Alpha-Gal Syndrome: An Emerging Food Allergy Related to Tick Bites
A strange new food allergy called “alpha-gal syndrome,” also referred to as alpha-gal allergy, is on the rise, particularly in areas of the United States with endemic Lyme disease. Read on to learn why you should be aware of alpha-gal syndrome if you've experienced a tick bite and why identifying and treating this food allergy plays a crucial role in recovery from chronic tickborne illnesses.
What is Alpha-Gal Syndrome?
Alpha-gal syndrome (AGS) is a type of allergy to mammalian meat. Mammalian meat includes beef, bison, pork, lamb, wild game, rabbit, and unusual meats from other mammals, such as kangaroos. AGS is unique because, unlike most food allergies, which involve the immune system mistakenly identifying specific proteins in foods as harmful, AGS is an allergy to a sugar molecule or carbohydrate found in mammalian meat called galactose-alpha-1-3-galactose.1 The immune response to this molecule, as opposed to a protein, makes AGS unique amongst food allergies.
What Causes Alpha-Gal Syndrome?
People are not born with AGS, it most often develops in adulthood, though children can acquire the allergy, as well. The primary identified cause of AGS is a tick bite; more specifically, bites from the Lone Star tick or black-legged tick.2 This finding explains why AGS is most common in regions where the Lone Star and black-legged ticks prefer to live, including the southeastern US, Texas, the Midwest, and New York.3
Ticks appear to synthesize alpha-gal carbohydrate inside their bodies with the help of enzymes called galactosyltransferases; it may be this endogenously-derived alpha-gal that triggers an immune response in the individual bitten by a tick. Interestingly, bites from ticks that carry the bacterium Anaplasma phagocytophilum, the cause of disease Anaplasmosis, may be more likely to cause AGS because Anaplasma increases the tick’s level of alpha-Gal.4
When an individual is bitten by a Lone Star or black-legged tick, or presumably any vector-containing alpha-gal carbohydrate in its saliva, the individual's immune system can start to react to alpha-gal, creating antibodies designed to attack the alpha-gal molecule. These antibodies are called “anti-α-Gal IgE antibodies.” Anti-α-Gal IgE antibodies break oral tolerance or the active regulatory immune response that allows our bodies to tolerate ingested foods.5 This breakdown of oral tolerance causes the body to react to food allergens, namely the alpha-gal carbohydrate in mammalian meat.5 The tick bite also skews the immune response more towards a T helper 2 (Th-2) response, the type of immune response more correlated with allergies. AGS differs from other IgE-mediated food hypersensitivities in that the response to mammalian meat occurs 3-6 hours after consumption, rather than immediately post-consumption.6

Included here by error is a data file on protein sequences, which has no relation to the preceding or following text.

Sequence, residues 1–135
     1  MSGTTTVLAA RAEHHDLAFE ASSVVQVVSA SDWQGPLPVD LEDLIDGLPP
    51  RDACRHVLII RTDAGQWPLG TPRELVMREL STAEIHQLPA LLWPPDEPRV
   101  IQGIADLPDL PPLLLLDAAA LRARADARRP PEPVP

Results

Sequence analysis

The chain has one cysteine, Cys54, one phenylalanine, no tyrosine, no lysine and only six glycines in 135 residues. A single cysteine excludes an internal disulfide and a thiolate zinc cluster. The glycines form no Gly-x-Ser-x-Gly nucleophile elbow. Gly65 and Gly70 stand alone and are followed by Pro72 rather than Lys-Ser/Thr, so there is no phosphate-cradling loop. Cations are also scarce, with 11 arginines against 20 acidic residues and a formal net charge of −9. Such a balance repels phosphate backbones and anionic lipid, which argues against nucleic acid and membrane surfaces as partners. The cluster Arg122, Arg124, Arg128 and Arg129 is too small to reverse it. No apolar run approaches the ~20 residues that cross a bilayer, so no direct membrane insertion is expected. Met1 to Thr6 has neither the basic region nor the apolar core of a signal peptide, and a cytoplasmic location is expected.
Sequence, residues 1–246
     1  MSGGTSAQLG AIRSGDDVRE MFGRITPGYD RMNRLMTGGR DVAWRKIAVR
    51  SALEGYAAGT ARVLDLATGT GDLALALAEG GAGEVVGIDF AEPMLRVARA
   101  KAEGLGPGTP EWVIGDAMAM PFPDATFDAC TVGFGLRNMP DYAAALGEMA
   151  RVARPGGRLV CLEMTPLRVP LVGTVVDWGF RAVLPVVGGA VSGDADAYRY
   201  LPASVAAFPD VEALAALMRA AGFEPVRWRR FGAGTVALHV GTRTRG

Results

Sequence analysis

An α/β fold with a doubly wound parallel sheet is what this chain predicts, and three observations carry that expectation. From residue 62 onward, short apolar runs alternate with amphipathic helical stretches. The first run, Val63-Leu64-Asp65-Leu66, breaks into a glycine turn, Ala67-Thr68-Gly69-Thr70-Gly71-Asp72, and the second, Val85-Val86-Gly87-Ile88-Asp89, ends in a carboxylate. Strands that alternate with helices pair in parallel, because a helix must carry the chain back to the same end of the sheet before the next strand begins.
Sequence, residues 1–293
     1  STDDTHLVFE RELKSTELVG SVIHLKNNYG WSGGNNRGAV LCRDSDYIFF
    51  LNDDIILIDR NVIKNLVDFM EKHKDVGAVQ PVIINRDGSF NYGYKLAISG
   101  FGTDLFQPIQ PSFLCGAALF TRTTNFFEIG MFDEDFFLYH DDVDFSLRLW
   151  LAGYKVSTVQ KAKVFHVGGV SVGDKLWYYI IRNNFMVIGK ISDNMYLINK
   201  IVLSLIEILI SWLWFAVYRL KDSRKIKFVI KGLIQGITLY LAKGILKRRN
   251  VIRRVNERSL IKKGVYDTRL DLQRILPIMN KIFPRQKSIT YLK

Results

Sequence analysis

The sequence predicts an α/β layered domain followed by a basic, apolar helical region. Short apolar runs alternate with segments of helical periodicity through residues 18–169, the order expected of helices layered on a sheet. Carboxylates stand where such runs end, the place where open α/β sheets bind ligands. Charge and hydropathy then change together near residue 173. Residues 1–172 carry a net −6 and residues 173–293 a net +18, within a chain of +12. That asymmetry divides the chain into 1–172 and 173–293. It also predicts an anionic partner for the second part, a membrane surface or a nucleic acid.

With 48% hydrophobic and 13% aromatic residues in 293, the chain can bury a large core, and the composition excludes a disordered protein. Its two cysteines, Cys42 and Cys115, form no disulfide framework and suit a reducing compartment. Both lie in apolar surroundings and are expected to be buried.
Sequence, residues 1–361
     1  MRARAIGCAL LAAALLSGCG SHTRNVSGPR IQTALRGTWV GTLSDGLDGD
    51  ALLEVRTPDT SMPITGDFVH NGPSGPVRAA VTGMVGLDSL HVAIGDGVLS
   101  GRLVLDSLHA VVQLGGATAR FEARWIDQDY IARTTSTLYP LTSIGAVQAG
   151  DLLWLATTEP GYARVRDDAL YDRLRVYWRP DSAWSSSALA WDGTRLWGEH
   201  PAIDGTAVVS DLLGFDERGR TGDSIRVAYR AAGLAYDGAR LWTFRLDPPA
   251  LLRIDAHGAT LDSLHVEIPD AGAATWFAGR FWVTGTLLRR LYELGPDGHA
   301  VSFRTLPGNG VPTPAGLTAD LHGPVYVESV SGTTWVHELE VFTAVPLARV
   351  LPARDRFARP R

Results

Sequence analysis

Once the reaction starts, the individual's immune system may also begin to cross-react to alpha-gal present in dietary mammalian meat, releasing more alpha-gal antibodies. The release of these antibodies causes an inflammatory response, leading to the symptoms of AGS.
Interestingly, having anti-alpha gal antibodies inside your body offers a protective response against infection with pathogens that contain the alpha-gal carbohydrate because quick recognition of the carbohydrate molecule by the immune system would theoretically allow the immune system to recognize that a tick bite has occurred and thus target pathogens transmitted via the bite. The tradeoff is that, for this protection, the body must contend with a new food allergy.7 In my clinical experience, I've found that AGS can be attenuated in individuals over time, provided they are treating chronic infections and engaging in treatments, diet, and lifestyle practices that regulate the immune system.
Common risk factors for alpha-gal syndrome include:
- A known bite from a Lone Star or black-legged tick8
- History of chigger or mite bites9
- Hiking, hunting, birding, or engaging in other hobbies that involve spending lots of time outdoors
- Jobs that involve spending time outdoors, such as field biologist, farmer, or park ranger
Interestingly, alpha-gal syndrome can occur both in atopic individuals (people with a tendency to allergies) and non-atopic individuals, or those with no prior history of asthma or food or environmental allergies.10, 11
Research suggests that factors that increase intestinal permeability (“leaky gut”), such as alcohol consumption and exercise, potentiate the severity of an AGS reaction by enhancing the translocation of alpha-Gal from the intestine into the bloodstream.12 Based on this line of research, it follows that other factors that promote leaky gut, such as gluten consumption and emotional stress, may also intensify AGS reactions.
What are the Symptoms of AGS?
AGS exists on a spectrum; as such, the symptoms of AGS vary. While some individuals with AGS may manifest an anaphylactic reaction upon consuming beef, another individual may manifest gut discomfort and fatigue. The spectrum of responses in AGS can make it difficult to assess. However, according to a recent article published in The Journal of Allergy and Clinical Immunology, “the a-Gal syndrome should be considered as an explanation for allergic symptoms, including abdominal pain, related to red meat at any age, regardless of atopic history, ABO blood group, symptom severity, and timing of symptom onset.”13
The most common symptoms of AGS include:
- Gastrointestinal symptoms, including abdominal pain, cramping, diarrhea, and emesis
- Pruritus (itchy skin)
- Angioedema (swelling of the skin or body parts)
- Anaphylaxis (severe allergic reaction)
- Nasal congestion
- Improvement of symptoms when adhering to a mammalian meat-free diet
AGS reactions are often delayed, beginning 3-8 hours after eating mammalian meat or meat-derived products. AGS may also “unmask” mast cell issues, causing people to demonstrate symptoms consistent with mast cell activation syndrome (MCAS).
Diagnosis of Alpha-Gal Allergy
The diagnosis of alpha-gal allergy is based on a clinical history of delayed reactivity to mammalian meat and a blood test that assesses reactivity to galactose-alpha-1-3-galactose. A positive blood test (>0.1 IU/mL) for IgE to alpha-gal establishes the diagnosis.14 Notably, skin prick tests for allergies to beef or pork are not reliable for diagnosing AGS.
Both Quest and LabCorp offer testing for the alpha-gal syndrome. It is essential to ensure that you're using the proper test. You do NOT want to test for alpha-galactosidase, which sounds similar but is an entirely different marker. The Quest Alpha-gal Panel Test Code is 95241 or 91380, and the LabCorp Alpha-gal Panel Test Number is 807003.